System Maintenance:
There may be intermittent impact on performance while updates are in progress. We apologize for the inconvenience.
By Topic

Biomedical Engineering, IEEE Transactions on

Issue 6 • Date June 1991

Filter Results

Displaying Results 1 - 14 of 14
  • A controller for regulation of mean arterial blood pressure using optimum nitroprusside infusion rate

    Publication Year: 1991 , Page(s): 513 - 521
    Cited by:  Papers (11)
    Save to Project icon | Request Permissions | Click to expandQuick Abstract | PDF file iconPDF (675 KB)  

    An integrating self-tuning control strategy for control of mean arterial blood pressure using sodium nitroprusside is presented. Next to robust performance, the most attractive feature of the controller is its capability to optimize the quantity of infused medication without introducing a bias in the blood pressure level, a problem that exists in some of the other adaptive control strategies that have been proposed previously. Further, the controller design requires only the knowledge of the pure delay and the order of the transfer function describing the patient's response to the medication; it does not require that the entire transfer function be specified. The derivation of the controller is not based on the patient response to sodium nitroprusside; indeed, it is a general adaptive control strategy for control of systems with transport delay. The controller performs robustly in the presence of variations in the patient response and successfully controls the pressure at the desired level. The ability of this strategy to reduce the amount of infused medication makes it potentially attractive for use in clinical applications, as large doses or long-term use of sodium nitroprusside can adversely affect central nervous system and hematopoietic tissues. View full abstract»

    Full text access may be available. Click article title to sign in or learn about subscription options.
  • A simple analytical solution to the three-compartment pharmacokinetic model suitable for computer-controlled infusion pumps

    Publication Year: 1991 , Page(s): 522 - 525
    Cited by:  Papers (9)
    Save to Project icon | Request Permissions | Click to expandQuick Abstract | PDF file iconPDF (280 KB)  

    The disposition of many drugs following an intravenous bolus injection can be described by a biexponential or triexponential equation. Computer-controlled infusion pumps have been developed which dose intravenous drugs based on models of drug disposition. These pumps can maintain steady plasma drug concentrations and facilitate controlled increases and decreases in drug concentration, enhancing titration of intravenous drugs. Several investigators have proposed analytical solutions to the biexponential and triexponential disposition functions for use in computer-controlled infusion pumps. Because of the complexity of these analytical solutions, other investigators have used numerical techniques to approximate the analytical solution. The authors have derived an extremely simple analytical solution to polyexponential disposition functions. This solution simplifies both the prediction of the plasma drug concentration by a computer-controlled infusion pump and the stepwise calculation of the infusion rate required to maintain constant plasma drug concentrations. View full abstract»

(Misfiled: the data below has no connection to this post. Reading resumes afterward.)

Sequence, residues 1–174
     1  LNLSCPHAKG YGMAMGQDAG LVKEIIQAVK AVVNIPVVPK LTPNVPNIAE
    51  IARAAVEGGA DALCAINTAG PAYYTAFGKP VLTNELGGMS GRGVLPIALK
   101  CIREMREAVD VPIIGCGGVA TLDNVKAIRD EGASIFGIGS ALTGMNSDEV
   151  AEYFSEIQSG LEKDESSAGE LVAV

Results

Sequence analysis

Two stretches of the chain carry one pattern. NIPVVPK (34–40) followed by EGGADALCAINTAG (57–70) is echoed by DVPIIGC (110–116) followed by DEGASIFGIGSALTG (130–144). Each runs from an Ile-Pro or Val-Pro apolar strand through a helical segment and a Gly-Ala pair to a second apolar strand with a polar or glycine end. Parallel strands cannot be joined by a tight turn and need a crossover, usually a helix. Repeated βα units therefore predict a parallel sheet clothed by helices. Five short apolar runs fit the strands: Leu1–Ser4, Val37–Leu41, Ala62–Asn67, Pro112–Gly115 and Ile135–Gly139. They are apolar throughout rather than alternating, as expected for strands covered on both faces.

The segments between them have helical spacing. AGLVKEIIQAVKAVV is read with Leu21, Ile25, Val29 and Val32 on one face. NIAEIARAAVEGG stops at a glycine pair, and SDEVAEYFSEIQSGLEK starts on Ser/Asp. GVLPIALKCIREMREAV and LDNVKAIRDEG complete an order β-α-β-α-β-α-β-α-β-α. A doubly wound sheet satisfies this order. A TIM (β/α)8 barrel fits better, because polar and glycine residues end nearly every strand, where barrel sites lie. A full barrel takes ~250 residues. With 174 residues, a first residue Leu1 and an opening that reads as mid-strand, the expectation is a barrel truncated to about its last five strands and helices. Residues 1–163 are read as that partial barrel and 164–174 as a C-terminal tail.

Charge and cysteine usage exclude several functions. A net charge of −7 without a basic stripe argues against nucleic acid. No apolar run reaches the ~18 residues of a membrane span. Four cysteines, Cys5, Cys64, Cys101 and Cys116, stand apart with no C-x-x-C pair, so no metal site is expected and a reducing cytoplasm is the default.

Full text access may be available. Click article title to sign in or learn about subscription options.
  • Model studies of extracellular electrograms arising from an excitation wave propagating in a thin layer

    Publication Year: 1991 , Page(s): 526 - 531
    Cited by:  Papers (2)
    Save to Project icon | Request Permissions | Click to expandQuick Abstract | PDF file iconPDF (561 KB)  

    Extracellular potentials were calculated for a wave of activation propagating through a thin layer of tissue. Sources were represented on the basis of the bidomain model, with the observation point at the tissue surface. Calculated potentials were found to be insensitive to the length of the wavefront if it passed under the recording electrode provided its length exceeded 1 mm, but to decrease rapidly when the wave passed to a side of the electrode. Contributions of source regions with a lateral displacement from the electrode greater than about 0.3 mm were substantially diminished. The effects of the thickness of the layer and velocity of propagation on amplitude were investigated. View full abstract»

    Full text access may be available. Click article title to sign in or learn about subscription options.
  • A nystagmus strategy to linearize the vestibulo-ocular reflex

    Publication Year: 1991 , Page(s): 532 - 543
    Cited by:  Papers (17)  |  Patents (2)
    Save to Project icon | Request Permissions | Click to expandQuick Abstract | PDF file iconPDF (1067 KB)  

    Two important aspects of the vestibulo-ocular reflex (VOR) are addressed. First, the linear range of ocular responses is much more extensive than expected from the characteristics of central pathways (CNS), and this is shown to result directly from early convergence of fast and slow premotor signals in the central processes, associated with significant and intermittent changes in functional connectivity (effective structural modulation). Second, the presence of such structural modulation implies that responses must be analyzed using transient analysis techniques, rather than previous steady state approaches, in order to properly evaluate reflex dynamics. Simulation results with a recent model of the VOR are used to illustrate the arguments. Relying on known interconnections between saccadic burst circuits in the brainstem, and the ocular premotor areas of the vestibular nuclei, a viable strategy for the timing of nystagmus events is proposed. The strategy easily reproduces the characteristic changes in vestibular nystagmus with the amplitude of head velocities, and with the frequency of passive head oscillation. View full abstract»

    Full text access may be available. Click article title to sign in or learn about subscription options.
  • The estimation of tube wall compliance using acoustic input impedance

    Publication Year: 1991 , Page(s): 544 - 550
    Cited by:  Papers (1)
    Save to Project icon | Request Permissions | Click to expandQuick Abstract | PDF file iconPDF (539 KB)